John Brown (May 9, 1800 – December 2, 1859) was an American abolitionist. Brown advocated the use of armed insurrection to overthrow the institution of slavery in the United States. He first gained national attention when he led small groups of volunteers during the Bleeding Kansas crisis of 1856. He was dissatisfied with the pacifism of the organized abolitionist movement: “These men are all talk. What we need is action—action!” In May 1856, Brown and his supporters killed five supporters of slavery in the Pottawatomie massacre, which responded to the sacking of Lawrence by pro-slavery forces. Brown then commanded anti-slavery forces at the Battle of Black Jack (June 2) and the Battle of Osawatomie (August 30, 1856).
In October 1859, Brown led a raid on the federal armory at Harpers Ferry, Virginia (today West Virginia), intending to start a slave liberation movement that would spread south through the mountainous regions of Virginia and North Carolina; there was a draft constitution for the state he hoped to establish. He seized the armory, but seven people were killed, and ten or more were injured. He intended to arm slaves with weapons from the arsenal, but only a small number of local slaves joined his revolt. Within 36 hours, those of Brown’s men who had not fled were killed or captured by local farmers, militiamen, and US Marines, the latter led by Robert E. Lee. He was hastily tried for treason against the Commonwealth of Virginia, the murder of five men (including three blacks), and inciting a slave insurrection; he was found guilty on all counts and was hanged. He was the first person convicted of treason in the history of the country.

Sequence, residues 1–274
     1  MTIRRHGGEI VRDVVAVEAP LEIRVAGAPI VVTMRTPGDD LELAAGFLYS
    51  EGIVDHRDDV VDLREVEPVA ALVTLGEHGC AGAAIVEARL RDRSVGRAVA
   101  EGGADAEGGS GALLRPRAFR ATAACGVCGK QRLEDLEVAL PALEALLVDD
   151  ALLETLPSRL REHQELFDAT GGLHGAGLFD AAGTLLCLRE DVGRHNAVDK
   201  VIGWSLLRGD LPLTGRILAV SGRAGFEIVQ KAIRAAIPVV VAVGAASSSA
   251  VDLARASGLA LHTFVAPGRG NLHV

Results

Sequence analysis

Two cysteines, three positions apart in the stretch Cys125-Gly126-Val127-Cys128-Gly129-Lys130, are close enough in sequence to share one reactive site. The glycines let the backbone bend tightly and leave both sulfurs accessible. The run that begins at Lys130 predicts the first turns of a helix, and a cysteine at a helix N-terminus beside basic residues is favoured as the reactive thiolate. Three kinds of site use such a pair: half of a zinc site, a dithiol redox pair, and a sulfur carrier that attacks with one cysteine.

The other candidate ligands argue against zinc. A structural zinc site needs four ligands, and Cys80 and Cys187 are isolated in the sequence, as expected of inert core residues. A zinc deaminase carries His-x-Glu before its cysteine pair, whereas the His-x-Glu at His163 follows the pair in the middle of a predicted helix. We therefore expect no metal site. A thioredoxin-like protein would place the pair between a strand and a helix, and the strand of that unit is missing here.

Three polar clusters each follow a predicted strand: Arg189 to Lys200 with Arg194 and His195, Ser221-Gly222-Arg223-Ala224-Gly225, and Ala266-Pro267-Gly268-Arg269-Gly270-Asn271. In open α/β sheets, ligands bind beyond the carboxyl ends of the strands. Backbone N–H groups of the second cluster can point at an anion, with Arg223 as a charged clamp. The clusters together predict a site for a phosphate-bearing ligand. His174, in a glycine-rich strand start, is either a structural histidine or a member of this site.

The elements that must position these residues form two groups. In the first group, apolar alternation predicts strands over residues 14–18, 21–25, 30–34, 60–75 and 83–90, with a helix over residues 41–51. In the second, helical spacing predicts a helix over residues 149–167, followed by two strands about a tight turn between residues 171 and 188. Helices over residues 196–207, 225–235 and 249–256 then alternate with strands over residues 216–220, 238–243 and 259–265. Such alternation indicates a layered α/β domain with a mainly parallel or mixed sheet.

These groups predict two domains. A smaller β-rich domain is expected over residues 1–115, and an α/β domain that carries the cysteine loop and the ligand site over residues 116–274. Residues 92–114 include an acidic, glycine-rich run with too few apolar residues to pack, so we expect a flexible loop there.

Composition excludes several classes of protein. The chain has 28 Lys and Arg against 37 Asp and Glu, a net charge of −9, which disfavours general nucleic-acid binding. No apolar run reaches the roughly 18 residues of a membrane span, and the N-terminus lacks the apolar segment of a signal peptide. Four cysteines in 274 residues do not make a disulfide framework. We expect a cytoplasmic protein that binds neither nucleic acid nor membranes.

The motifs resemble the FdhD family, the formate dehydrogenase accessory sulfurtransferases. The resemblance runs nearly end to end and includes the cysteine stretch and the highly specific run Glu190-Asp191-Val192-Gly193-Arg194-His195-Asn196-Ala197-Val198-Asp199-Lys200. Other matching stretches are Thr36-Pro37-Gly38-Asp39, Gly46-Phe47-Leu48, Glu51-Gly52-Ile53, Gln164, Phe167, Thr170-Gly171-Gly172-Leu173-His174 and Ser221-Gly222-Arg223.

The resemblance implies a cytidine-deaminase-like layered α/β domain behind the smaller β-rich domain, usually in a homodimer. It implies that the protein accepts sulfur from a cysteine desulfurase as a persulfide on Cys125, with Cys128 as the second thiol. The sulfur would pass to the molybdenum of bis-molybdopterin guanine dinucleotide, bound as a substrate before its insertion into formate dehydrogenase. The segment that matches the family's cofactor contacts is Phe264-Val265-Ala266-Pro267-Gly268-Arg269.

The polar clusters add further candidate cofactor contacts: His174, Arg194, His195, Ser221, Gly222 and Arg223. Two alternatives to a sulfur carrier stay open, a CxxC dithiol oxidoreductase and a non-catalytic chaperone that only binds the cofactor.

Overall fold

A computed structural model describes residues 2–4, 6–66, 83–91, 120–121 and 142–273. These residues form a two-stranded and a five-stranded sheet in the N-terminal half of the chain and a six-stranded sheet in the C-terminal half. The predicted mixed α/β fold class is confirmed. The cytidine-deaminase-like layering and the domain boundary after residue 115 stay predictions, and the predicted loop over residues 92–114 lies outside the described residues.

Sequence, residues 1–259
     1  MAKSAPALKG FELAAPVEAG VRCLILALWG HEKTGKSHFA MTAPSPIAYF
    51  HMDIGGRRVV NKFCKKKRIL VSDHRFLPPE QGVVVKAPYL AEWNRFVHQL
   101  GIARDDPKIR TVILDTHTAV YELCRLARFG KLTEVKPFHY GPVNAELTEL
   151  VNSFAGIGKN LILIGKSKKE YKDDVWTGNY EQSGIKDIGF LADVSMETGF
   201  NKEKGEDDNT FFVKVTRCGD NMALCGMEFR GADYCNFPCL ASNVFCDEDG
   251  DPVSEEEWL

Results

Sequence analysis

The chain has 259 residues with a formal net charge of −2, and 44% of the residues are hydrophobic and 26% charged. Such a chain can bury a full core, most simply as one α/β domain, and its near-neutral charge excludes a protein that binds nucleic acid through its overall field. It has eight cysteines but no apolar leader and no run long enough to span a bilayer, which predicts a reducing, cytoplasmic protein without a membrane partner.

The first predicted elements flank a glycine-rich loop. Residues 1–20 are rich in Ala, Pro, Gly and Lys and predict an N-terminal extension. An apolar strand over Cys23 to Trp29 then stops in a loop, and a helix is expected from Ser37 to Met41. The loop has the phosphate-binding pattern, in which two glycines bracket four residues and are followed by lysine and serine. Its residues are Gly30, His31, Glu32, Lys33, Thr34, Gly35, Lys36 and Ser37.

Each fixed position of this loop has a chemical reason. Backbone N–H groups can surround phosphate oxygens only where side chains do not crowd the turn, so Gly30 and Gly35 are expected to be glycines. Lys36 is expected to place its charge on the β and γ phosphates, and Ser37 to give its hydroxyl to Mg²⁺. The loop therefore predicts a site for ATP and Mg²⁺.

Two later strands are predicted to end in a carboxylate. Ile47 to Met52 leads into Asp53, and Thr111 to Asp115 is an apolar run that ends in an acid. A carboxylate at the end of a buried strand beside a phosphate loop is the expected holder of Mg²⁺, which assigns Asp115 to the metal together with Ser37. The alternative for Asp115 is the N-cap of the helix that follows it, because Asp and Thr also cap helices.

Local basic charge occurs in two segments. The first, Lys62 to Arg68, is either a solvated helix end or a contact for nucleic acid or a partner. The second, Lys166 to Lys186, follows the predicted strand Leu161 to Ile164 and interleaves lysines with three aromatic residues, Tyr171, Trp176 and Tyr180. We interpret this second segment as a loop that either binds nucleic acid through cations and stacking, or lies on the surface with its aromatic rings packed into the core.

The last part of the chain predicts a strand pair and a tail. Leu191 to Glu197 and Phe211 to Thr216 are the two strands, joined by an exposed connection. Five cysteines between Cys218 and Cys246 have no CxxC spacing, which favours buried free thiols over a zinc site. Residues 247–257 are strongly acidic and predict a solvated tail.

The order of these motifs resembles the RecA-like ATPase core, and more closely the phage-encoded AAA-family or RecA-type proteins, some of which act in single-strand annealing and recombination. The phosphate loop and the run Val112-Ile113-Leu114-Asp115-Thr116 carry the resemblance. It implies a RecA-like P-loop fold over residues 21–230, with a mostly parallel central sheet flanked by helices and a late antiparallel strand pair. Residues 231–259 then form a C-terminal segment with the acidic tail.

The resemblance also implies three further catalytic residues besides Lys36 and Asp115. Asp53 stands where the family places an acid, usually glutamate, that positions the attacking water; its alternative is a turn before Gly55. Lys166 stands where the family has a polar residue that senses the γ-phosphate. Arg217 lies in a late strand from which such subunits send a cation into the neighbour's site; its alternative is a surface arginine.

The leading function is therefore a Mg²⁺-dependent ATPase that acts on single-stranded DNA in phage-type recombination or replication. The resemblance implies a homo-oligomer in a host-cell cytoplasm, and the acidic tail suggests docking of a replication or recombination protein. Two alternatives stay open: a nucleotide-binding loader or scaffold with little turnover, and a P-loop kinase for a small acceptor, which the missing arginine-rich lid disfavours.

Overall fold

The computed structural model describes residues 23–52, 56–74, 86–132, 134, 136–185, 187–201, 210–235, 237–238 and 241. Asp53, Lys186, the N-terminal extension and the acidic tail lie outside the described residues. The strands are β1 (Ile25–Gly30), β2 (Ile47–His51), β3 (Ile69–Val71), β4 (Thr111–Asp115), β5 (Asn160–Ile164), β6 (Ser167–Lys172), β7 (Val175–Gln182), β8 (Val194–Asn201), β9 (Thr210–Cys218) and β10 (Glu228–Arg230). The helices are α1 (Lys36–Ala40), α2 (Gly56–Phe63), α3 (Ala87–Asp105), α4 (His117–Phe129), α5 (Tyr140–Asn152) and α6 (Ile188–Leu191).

Historians agree that the Harpers Ferry raid and Brown’s trial, both covered extensively by the national press, escalated tensions that led to the South’s secession a year later and the American Civil War. Brown’s raid captured the nation’s attention; Southerners feared that it was just the first of many Northern plots to cause a slave rebellion that might endanger their lives, while Republicans dismissed the notion and claimed that they would not interfere with slavery in the South. “John Brown’s Body” was a popular Union marching song that portrayed him as a martyr.
Brown’s actions as an abolitionist and the tactics he used still make him a controversial figure today. He is both memorialized as a heroic martyr and visionary, and vilified as a madman and a terrorist. Historian James Loewen surveyed American history textbooks and noted that historians considered Brown perfectly sane until about 1890, but generally portrayed him as insane from about 1890 until 1970, when new interpretations began to gain ground.